Township of Harmony

Located in northeastern Pennsylvania. Area settled, by 1787. Organized 1809. Population in 1830 about 340. Population in 1840 about 520. Contained Harmony village (no longer in existence). Josiah Stowell hired JS to help look for treasure in area, Oct. 1825...

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, Pa., Nov. 1, 1825.
In presence of
Isaac Hale

21 Mar. 1763–11 Jan. 1839. Farmer, hunter, innkeeper. Born in Waterbury, New Haven Co., Connecticut. Son of Reuben Hale and Diantha Ward. Member of Methodist church. Moved to Wells, Albany Co., New York (later in Rutland Co., Vermont), ca. 1771, to live with...

View Full Bio
,10

Hale said that “Smith, and his father, with several other ‘money-diggers’ boarded at my house while they were employed in digging for a mine that they supposed had been opened and worked by the Spaniards, many years since.” (Isaac Hale, Affidavit, Harmony, PA, 20 Mar. 1834, in “Mormonism,” Susquehanna Register, and Northern Pennsylvanian [Montrose, PA], 1 May 1834, [1].)  


(Chas. A. Newton,
David Hale,11

David Hale, a son of Isaac Hale, lived in Harmony. (1830 U.S. Census, Harmony Township, Susquehanna Co., PA, 2.)  


(Jos. Smith, Sen.

12 July 1771–14 Sept. 1840. Cooper, farmer, teacher, merchant. Born at Topsfield, Essex Co., Massachusetts. Son of Asael Smith and Mary Duty. Nominal member of Congregationalist church at Topsfield. Married to Lucy Mack by Seth Austin, 24 Jan. 1796, at Tunbridge...

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,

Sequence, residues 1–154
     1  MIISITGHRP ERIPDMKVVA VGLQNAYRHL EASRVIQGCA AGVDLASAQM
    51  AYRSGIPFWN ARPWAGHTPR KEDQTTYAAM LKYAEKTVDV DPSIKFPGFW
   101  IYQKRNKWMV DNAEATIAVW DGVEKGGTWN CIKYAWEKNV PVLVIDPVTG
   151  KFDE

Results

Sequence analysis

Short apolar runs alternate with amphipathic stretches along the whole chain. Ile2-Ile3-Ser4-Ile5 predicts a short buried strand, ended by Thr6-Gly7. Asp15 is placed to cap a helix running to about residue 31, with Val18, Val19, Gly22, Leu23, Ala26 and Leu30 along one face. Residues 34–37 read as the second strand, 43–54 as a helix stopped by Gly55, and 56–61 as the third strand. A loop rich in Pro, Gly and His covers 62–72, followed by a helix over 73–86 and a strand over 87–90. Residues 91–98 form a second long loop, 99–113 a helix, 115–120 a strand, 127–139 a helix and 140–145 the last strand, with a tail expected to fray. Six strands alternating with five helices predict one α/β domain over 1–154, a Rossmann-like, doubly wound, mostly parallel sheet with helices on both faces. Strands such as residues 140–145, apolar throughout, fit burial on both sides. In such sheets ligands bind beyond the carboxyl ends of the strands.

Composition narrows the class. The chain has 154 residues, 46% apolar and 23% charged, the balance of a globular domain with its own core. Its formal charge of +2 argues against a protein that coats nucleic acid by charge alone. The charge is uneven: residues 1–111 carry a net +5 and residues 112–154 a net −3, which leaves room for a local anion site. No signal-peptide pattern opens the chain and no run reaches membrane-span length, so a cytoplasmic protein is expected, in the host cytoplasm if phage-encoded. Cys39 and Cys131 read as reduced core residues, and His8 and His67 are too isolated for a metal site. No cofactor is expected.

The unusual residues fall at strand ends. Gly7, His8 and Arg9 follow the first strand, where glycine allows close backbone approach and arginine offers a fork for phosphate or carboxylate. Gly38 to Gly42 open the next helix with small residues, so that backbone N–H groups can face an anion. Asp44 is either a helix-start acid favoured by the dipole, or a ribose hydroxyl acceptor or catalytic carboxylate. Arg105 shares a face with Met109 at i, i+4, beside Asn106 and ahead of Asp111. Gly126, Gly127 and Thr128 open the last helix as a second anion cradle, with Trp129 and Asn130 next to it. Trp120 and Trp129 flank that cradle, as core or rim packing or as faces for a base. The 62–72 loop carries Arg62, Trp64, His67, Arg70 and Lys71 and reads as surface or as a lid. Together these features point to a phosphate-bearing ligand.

P. Newton.12

Possibly Phineas Newton living in Plymouth Township, Chenango County, New York, or Peter Newton living in Chenango Township, Broome County, New York. (1830 U.S. Census, Plymouth Township, Chenango Co., NY, 151; 1820 U.S. Census, Chenango Township, Broome Co., NY, 243.)  


(Isaiah Josiah Stowell

22 Mar. 1770–12 May 1844. Farmer, sawmill owner. Born in Winchester, Cheshire Co., New Hampshire. Son of Israel Stowell and Mary Butler. Member of Presbyterian church. Moved to Jericho (later Bainbridge), Chenango Co., New York, 1791. Married Miriam Bridgeman...

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,
(Calvin Stowell

5 Dec. 1774–8 Nov. 1838. Physician. Born in Winchester, Cheshire Co., New Hampshire. Son of Israel Stowell and Mary Butler. Married first Polly Stowell, by 1796. Moved to Jericho (later Bainbridge), Tioga Co., New York, by Dec. 1796. Married second Lucy Bramhall...

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,
(Jos. Smith, Jr.,
(Wm. I. Wiley.
[p. [4]]
ARTICLES OF AGREEMENT.
We, the undersigned, do firmly agree,  & by these presents bind ourselves, to ful fill and abide by the hereafter specified  articles:
First—That if anything of value should be  obtained at a certain place in Pennsyl vania